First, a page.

12 June 2011


A.  There is a remarkable pleasure that comes from exploring a specific high-end market niche, finding out what’s available and how it works, what makes some things better than others.  It combines the joy of discovering a new, unanticipated field of knowledge and the all pleasures of covetousness.  Mechanical watches, headphones, books.  One is initiated into a wonderful mass of new distinctions which order a class of objects formerly mysteriously amorphous in their various qualities.  I had never thought before about the possibility that differences in typeface made it easier to read some books than others, or that the softness of paper and binding could make it easier to keep a book open, and therefore explain why I always wolf down books published under the Vintage label, while that cheap edition of Augustine's Confessions (with the small typeface and narrow margins) remains unfinished.
B.  Sometimes at random one will catch a very specific odor coming from an unlikely source.  At present the fingers of my right hand smell of benzoyl peroxide.  This probably has something to do either with the foreign bar of soap I just used to wash my hands, or the chemicals in the soil of my back yard.  I have not actually encountered benzoyl peroxide in a good many years, but the chemical odor remains in my memory.  The trite response to this reflection would be something about how scent is the sense with the strongest ties to memory.  Or perhaps you expect me to say something about Proust.  (There you go, I did it.)  But really I just wanted to point out that my hand smells like an acne medication that I haven’t used since I was 15.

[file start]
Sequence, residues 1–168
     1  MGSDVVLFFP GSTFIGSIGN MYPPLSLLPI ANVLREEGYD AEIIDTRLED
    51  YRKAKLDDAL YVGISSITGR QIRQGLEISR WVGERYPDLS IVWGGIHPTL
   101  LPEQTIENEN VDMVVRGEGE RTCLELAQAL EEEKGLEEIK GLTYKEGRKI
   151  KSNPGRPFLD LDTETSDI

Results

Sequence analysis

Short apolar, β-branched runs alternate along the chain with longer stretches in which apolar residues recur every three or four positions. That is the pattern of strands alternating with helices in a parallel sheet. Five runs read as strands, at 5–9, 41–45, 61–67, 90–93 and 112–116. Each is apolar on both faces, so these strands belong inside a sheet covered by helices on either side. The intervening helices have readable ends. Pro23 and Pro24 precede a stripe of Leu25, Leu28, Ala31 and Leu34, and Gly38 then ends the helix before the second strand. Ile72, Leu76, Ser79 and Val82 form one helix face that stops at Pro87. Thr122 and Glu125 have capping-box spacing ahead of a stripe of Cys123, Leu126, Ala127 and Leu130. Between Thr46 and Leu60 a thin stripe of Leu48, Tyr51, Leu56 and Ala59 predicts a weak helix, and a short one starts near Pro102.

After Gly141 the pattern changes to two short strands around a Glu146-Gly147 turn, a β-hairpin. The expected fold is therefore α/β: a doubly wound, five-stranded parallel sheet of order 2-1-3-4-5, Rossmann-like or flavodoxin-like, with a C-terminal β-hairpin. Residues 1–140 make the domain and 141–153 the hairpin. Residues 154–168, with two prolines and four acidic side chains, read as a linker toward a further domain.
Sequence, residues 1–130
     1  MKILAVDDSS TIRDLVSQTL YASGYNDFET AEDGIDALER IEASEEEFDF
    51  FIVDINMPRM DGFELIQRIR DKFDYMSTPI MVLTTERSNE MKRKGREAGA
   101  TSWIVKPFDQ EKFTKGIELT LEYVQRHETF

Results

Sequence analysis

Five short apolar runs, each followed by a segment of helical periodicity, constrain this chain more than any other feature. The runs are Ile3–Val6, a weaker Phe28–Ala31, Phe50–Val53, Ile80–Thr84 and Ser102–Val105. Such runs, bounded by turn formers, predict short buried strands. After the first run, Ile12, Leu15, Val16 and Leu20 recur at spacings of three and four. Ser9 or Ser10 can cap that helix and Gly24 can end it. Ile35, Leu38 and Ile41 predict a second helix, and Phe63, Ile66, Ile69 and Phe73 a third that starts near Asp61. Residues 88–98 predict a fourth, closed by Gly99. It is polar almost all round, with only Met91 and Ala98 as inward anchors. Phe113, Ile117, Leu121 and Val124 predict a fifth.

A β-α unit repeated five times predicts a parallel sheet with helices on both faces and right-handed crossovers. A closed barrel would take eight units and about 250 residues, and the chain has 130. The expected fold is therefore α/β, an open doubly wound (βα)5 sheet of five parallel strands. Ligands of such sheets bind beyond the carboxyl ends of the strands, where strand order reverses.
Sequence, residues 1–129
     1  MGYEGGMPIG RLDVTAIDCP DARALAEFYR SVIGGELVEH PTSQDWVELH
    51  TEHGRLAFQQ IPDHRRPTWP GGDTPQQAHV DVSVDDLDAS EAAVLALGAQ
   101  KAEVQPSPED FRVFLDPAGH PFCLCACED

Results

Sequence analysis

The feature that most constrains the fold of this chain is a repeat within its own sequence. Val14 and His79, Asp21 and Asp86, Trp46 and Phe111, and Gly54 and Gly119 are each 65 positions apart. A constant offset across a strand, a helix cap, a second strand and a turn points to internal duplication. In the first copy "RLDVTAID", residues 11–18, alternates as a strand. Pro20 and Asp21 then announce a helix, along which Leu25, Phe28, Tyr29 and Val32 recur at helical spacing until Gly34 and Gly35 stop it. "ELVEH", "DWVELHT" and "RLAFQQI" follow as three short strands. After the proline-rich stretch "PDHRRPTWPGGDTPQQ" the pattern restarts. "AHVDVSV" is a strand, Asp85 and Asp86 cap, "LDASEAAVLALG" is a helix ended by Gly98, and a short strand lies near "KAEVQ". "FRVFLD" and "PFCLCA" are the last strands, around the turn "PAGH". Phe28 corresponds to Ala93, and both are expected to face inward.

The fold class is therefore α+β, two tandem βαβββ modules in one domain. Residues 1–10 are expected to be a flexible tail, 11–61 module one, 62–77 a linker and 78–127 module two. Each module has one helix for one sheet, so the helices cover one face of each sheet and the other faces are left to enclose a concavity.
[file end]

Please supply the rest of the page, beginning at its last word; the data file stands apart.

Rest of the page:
C.  ”That assembly, whom Marcus had ever considered as the great council of the nation, was composed of the most distinguished of the Romans; and distinction of every kind soon became criminal.  The possession of wealth stimulated the diligence of the informers; rigid virtue implied a tacit censure of the irregularities of Commodus; important services implied a dangerous superiority of merit; and the friendship of the father always insured the aversion of the son.  Suspicion was equivalent to proof; trial to condemnation.  The execution of a considerable senator was attended with the death of all who might lament or revenge his fate; and when Commodus had once tasted human blood, he became incapable of pity or remorse.”  — Gibbon, Decline and Fall, Chapter IV